Early on in my political career, the grand old Populist orator, State Senator Theodore Smith of Alcorn County, launched a vicious attack on me and the interest he claimed I represented. I was, at the time, the young, overly ambitious Executive Director of the state sponsor of the Tennessee-Tombigbee waterway. Senator Smith stood firmly in opposition to many of the policy decisions I made and urged Alcorn County to withdraw its support of the agency, and therefore, the waterway itself. Senator Smith’s reputation as a fire-brand orator and old school Populist was legendary. To come under attack by such a giant was a daunting predicament for a young aspiring politician like myself. Senator Smith’s attacks came in a flurry, both in press conferences and his favorite forum – the political stump speech. He lambasted me personally and the policies I endorsed, calling me a “snot-nosed do-gooder”, a “political hack”, “nothing more than a ‘Flunkey for the Establishment”, and a “loyal henchman for Senator Stennis and Eastland.” In one particularly brutal speech he charged that I was “fat on arrogance and drunk on ambition.”
As I reflect back on that experience with the wisdom of hindsight, I was no doubt shaken and perplexed as to how, where, and when to respond. I carefully weighed my options and finally decided to send the Senator a letter, which I shared with the press, carefully refuting each of his policy concerns. I ignored the personal attacks altogether, choosing instead to launch a few salvos of my own. Describing the entire controversy as nothing more than a “gentle breeze stirred up by an over-the-hill windbag,” I offered to meet him on any stage, anytime, to publicly debate his concerns. I concluded the letter by complimenting the Senator on having “a clear mind which was not cluttered up with facts.”
Looking back on this episode, I realize now that I was at a severe disadvantage in responding to Senator Smith’s personal attacks. I could not respond because the personal attacks were indeed true! Nonetheless the Senator retreated, silently rejected my offer to debate; and the controversy died a natural death.
Senator Theodore Smith and I soon became great friends and he remained among my staunchest political allies for the balance of his life. I grew to sincerely love and admire the man.
Soon after my election as State Auditor, I announced a rather ambitious legislative agenda, which I titled “Initiatives for the Nineties.” The agenda consumed much of the attention of the law makers for that session and represented a severe departure on many fronts from how the state had been governed in the past. The agenda sought dramatic change from a legislature that had grown accustomed to the “business as usual” approach to legislation. As the debates grew more heated, the insults began to fly in all directions. One Gulf Coast Senator called me a “bloated bully” and vowed to “castrate” both me personally and my legislative proposals. I responded with a quick retort, “If his castration efforts are successful, I will still have the advantage over him; I will still have a brain.”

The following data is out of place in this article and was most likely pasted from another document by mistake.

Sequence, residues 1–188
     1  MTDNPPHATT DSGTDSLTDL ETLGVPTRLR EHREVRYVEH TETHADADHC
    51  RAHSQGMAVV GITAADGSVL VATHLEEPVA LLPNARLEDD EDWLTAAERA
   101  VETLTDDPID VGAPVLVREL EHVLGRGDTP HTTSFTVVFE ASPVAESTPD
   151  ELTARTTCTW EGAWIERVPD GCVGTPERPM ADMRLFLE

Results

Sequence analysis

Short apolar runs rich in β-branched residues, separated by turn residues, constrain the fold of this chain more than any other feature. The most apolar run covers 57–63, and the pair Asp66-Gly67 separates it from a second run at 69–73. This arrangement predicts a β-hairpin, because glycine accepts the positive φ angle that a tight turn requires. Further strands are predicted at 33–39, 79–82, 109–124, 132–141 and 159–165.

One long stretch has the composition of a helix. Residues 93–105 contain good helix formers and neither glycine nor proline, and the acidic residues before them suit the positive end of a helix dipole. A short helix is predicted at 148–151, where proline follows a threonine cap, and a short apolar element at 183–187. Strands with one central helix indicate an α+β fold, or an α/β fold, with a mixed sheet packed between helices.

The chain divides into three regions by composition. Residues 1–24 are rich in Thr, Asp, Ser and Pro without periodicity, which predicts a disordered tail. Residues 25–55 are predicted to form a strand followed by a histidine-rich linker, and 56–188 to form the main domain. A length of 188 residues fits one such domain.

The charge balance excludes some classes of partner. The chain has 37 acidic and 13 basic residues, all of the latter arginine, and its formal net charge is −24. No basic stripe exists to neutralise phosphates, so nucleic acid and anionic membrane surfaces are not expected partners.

While not all of my agenda passed, a good portion of it did. Perhaps the greatest achievement was authorizations and funding for my office to conduct the first ever, and sadly only, state-wide comprehensive performance audit of state government. I consider this my greatest achievement. The results of that audit led to recommendations that, if implemented, would produce savings of over 650 million dollars. It is, to date, the most serious effort to eliminate what all politicians tirelessly refer to as “waste, fraud, and abuse”!
The following year, I was pleased that the Senator had failed in his “castration” pledge because I would surely need what he sought to deprive me of in order to tackle the next “sacred cow” on my agenda – the State’s antiquated budget system.
I embarked on a whirlwind speaking tour of the State to advance my agenda. It was commonplace for me to speak five or maybe six times a week before any audience where I could wrangle an invitation. I labeled the budget process as “insane” and heaped my most passionate criticism on the “Neanderthal power brokers” in the legislature that protected a system that was “ill-conceived, idiotic, and crazy.” I further vowed to campaign against any member of the legislature that refused to entertain the reforms I was seeking. Once in responding to a question from a reporter asking how my proposals were being received, I responded by stating “Some are open-minded but most are empty-headed.” These kinds of invectives won me popular support from the people and the wrathful enmity of several powerful legislators. Yet no one took the bait and challenged me publicly.
Instead, they decided to use the very system I was seeking to reform as their weapon against me: the budget process. Rumors had circulated around the Capitol for weeks that several old guard legislators had formed an alliance with a few newly minted, ultra-conservative Republican members, and the plan was to dramatically slash the State Auditor’s budget leaving me scrambling to perform my constitutional duties and hopefully shutting down my reform agenda, and shutting up my mouth!